Barclays second quarter profit dropped 53% to £763 million, the bank announced on Friday.
Barclays’ non-core business sustained losses of £1.9 billion, the main factor behind the big drop.
The profit figure excludes notable items, and comes in lower than the £985 million expected by analysts in a Bloomberg survey.
Deals with education, social housing, and local authority clients were repriced to reflect their fair value, causing losses of £424 million, while the bank’s French business, which Barclays is in the process of selling, took a £372 million hit.
The non-core business includes troubled assets which Barclays is trying to run-down and sell.
CEO Jes Staley stopped short of blaming Brexit but said the vote to leave the European Union created “uncertainty”:
“We remain confident that it is the right plan for Barclays, and see no reason to adjust it, or the pace of delivery, in light of the vote by the UK last month to exit the EU.”
“Given the inherent diversification of our business model, coupled with a longstanding conservative approach to risk, Barclays is well positioned to weather any potential economic consequences of that decision. We are very much open for business, and fully committed to supporting our customers and clients, and the real economy, through this period of uncertainty.”
Staley’s comments are in stark contrast to those of Lloyds CEO Antonio Horta-Osorio, who on Thursday warned that “a deceleration of growth seems likely” for the UK economy as the bank announced 3,000 job cuts and 200 branch closures.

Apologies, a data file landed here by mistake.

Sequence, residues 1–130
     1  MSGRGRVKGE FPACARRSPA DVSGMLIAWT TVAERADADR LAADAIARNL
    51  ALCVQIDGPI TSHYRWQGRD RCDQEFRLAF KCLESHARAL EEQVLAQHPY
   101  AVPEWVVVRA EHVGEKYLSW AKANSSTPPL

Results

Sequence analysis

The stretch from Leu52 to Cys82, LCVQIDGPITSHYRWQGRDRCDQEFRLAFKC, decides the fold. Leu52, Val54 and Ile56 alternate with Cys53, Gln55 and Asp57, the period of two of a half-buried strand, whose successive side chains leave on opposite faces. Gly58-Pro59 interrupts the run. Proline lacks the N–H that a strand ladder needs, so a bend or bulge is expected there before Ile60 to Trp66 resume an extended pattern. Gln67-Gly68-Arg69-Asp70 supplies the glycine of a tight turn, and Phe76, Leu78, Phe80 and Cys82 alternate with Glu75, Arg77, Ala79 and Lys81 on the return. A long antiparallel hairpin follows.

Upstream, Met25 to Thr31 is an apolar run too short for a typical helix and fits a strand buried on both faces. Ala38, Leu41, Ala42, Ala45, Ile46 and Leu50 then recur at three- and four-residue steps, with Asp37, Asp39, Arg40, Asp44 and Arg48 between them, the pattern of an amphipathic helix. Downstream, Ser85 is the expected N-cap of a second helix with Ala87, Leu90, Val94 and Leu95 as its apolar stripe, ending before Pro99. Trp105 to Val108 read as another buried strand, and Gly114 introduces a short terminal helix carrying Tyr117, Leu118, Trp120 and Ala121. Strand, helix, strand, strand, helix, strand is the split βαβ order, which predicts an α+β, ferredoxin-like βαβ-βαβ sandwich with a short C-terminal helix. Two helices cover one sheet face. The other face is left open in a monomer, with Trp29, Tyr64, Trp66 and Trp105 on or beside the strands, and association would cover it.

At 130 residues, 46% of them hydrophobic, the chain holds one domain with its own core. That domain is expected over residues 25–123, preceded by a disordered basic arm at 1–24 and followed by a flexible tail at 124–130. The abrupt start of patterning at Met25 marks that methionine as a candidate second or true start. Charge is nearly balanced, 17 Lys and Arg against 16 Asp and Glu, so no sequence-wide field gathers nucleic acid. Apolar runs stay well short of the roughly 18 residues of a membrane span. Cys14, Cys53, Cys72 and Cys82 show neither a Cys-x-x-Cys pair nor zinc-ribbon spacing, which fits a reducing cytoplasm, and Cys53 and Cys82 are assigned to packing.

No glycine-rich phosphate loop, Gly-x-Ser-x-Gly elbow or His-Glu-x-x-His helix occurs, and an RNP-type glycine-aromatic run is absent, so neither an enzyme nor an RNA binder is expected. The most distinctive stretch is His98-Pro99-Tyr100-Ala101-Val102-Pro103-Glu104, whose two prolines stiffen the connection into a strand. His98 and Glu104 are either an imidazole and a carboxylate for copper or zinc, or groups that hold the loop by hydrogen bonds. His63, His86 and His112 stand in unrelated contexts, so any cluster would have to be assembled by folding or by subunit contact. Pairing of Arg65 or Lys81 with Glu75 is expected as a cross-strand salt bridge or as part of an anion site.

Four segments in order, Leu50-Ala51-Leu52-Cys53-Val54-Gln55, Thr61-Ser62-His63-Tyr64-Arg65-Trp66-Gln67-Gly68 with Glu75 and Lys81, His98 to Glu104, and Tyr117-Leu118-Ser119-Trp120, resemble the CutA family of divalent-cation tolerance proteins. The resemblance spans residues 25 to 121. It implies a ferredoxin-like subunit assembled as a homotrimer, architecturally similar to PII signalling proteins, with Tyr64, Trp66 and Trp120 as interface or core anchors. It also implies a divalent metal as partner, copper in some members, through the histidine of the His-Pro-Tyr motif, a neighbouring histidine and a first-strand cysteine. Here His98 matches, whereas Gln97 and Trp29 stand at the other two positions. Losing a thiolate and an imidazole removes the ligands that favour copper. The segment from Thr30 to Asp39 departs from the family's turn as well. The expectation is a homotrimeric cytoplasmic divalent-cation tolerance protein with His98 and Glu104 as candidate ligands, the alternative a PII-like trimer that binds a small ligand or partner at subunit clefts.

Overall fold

Here are some of the other headline figures from Barclays second quarter results:
- Oil and gas credit hit: “Credit impairment charges increased £152m to £931m primarily driven by the impairment of a number of single name exposures, largely in respect of counterparties in the oil and gas sector.”
- Pound depreciation increased both income and costs: “Group income statement performance was materially impacted by the appreciation of average USD and EUR against GBP, positively benefiting income and adversely affecting impairment and operating expenses.”
“Not only does the decision by Britons to exit the EU cloud the business environment for the foreseeable future with a heightened level of uncertainty, the likely response from the Bank of England in further easing monetary policy will provide an additional headwind to all banks as operating margins are squeezed further,” David Cheetham, market analyst at XTB.com, said in an email.
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